THURSDAY OF THE LAST WEEK
The Last Week of Jesus’ life was spent in Jerusalem among hundreds of thousands of Jews who traveled there to celebrate the Passover. He arrived on Sunday on the back of a young donkey to the cheers of peasants waving palm branches, all to make fun of the grand arrival of the Roman Governor happening the same day on the other side of town. On Monday Jesus led another demonstration at the Temple, turning over tables and chairs, due to the lack of any true worship happening in that place. Tuesday Jesus debated Jewish leaders in the Temple Courtyard making them look like fools. Jesus spent Wednesday in Bethany with his friends at the house of Simon the leper where a woman anointed his head with very expensive perfume, while Judas went to the authorities with his plan of betrayal.
Today is Thursday of the Last Week of Jesus, the gospels of Matthew and Luke, follow Mark by recording the accounts surrounding Jesus’ Last Supper, which was a celebration of the Passover with his Disciples. These three gospels along with the Apostle Paul give us what we call the Words of Institution, the words over bread and cup that are said each time we come to the Communion Table. The Gospel of John does not follow Mark and instead tells us about Jesus washing the disciple’s feet and then commanding them, and us, to love one another as he has first loved us.
This past week, one of the Saints of our denomination was buried. Fred Craddock was a pastor, a preacher, a Bible Scholar, and a teacher. He has been deemed by many to be the best preacher of our time. One of the best gifts of his preaching was that he opened our hearts to hear very familiar passages from the Bible as if for the first time. In that spirit, I invite you now to follow along in your Bibles and to listen for something new in this very familiar story, as I recount the Last Thursday of Jesus’ life as told in the Gospel of Mark.
“On the first day of Unleavened Bread, when the Passover lamb is sacrificed, his disciples said to him, ‘Where do you want us to go and make the preparations for you to eat the Passover’” The details in this section remind us of the preparations for Jesus’ entry into the city on Palm Sunday. Both times, Jesus sent two disciples, told them what to look for, and what to say. Following Jesus’ instructions, preparing for the Passover meal took the disciples all day.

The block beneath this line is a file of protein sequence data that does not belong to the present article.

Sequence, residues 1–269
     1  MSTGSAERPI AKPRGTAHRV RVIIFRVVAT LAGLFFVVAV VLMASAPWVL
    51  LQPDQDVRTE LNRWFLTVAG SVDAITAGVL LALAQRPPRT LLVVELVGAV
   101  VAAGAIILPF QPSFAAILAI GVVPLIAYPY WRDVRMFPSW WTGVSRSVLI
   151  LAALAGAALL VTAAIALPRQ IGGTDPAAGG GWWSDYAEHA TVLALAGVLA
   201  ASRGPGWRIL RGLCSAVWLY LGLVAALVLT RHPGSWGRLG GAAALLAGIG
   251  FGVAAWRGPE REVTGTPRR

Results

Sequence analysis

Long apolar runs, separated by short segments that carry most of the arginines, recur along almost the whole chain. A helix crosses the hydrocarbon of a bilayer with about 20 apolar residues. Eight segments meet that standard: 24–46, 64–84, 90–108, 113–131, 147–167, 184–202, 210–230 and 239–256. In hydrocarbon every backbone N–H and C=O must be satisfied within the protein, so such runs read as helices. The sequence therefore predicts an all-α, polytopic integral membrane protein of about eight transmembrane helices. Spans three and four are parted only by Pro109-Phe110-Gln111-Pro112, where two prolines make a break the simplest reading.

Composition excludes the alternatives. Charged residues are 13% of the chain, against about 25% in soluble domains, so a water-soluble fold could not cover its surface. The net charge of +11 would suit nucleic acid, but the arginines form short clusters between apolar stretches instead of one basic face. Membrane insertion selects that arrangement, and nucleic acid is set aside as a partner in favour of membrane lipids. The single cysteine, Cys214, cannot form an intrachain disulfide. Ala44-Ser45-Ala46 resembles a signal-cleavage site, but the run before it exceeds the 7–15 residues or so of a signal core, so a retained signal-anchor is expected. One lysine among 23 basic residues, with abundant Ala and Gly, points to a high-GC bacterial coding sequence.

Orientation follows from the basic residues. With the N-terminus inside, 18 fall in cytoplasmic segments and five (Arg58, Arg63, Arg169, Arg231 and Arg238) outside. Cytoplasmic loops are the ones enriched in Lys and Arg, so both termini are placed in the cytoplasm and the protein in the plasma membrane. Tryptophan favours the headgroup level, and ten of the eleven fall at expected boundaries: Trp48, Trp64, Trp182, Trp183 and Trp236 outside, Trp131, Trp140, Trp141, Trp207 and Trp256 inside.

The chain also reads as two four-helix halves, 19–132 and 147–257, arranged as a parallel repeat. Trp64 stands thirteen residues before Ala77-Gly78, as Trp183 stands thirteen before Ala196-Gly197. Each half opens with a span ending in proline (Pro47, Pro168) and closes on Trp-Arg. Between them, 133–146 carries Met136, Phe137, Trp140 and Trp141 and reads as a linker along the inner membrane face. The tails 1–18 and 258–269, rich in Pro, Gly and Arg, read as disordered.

Verse 17 begins, “When it was evening, he came with the twelve.” They took their places and began to eat the Seder Meal together and Jesus told them that the one who dipped his bread into the bowl at the same time would be the one to betray him.
Verse 22 says, “While they were eating, he took a loaf of bread, and after blessing it he broke it, gave it to them, and said, ‘Take; this is my body.” Then he took a cup and after giving thanks he gave it to them and all of them drank from it. He said to them, ‘This is my blood of the covenant, which is poured out for many. Truly I tell you, I will never again drink of the fruit of the vine until that day when I drink it new in the kingdom of God.’”
Verse 26, “When they had sung the hymn, they went out to the Mount of Olives.” It was there that Jesus told Peter that he would deny him 3 times before the cock crowed twice. Then they went to Gethsemane and Jesus took Peter, James and John to be with him while he prayed. In verse 34 Jesus said to them, “I am deeply grieved, even to death, remain here and keep awake.” And then Jesus fell on the ground and prayed,” Abba, Father, for you all things are possible; remove this cup from me; yet, not what I want but what you want.” But the disciples could not stay awake even when their friend was told them he was overwhelmed with sorrow, even when they could see him on the ground.
Jesus then took them and returned to where the rest of the disciples were waiting. Judas arrived followed by soldiers and people sent from the chief priests, scribes and elders and they were weapons.
In verse 48 Jesus said to them, “’Have you come out with swords and clubs to arrest me as though I were a bandit? Day after day I was with you in the temple teaching and you did not arrest me. But let the scriptures be fulfilled.’” All of the disciples then deserted Jesus and fled except a certain young man who followed wearing nothing but a linen cloth. Those arresting Jesus tried to seize him grabbing his cloth but he got away and ran off naked. The Greek word translated as linen cloth is sindon – which is the same word used for the burial cloth that on Friday will be wrapped around Jesus’ body in the tomb.
Verse 53 begins Jesus’ interrogation by the high priest where, “many gave false testimony against him, and their testimony did not agree.” Jesus was silent until the high priest asked him, “’Are you the Messiah, the Son of the Blessed One?’ to which Jesus said, “‘I am; and you will see the Son of Man seated at the right hand of the power, and coming with the clouds of heaven.’” The high priest tore his clothes and called it blasphemy. “All of them condemned him as deserving death. Some began to spit on him, to blindfold him and to strike him saying to him, ‘Prophesy!’ The guards also took him over and beat him.”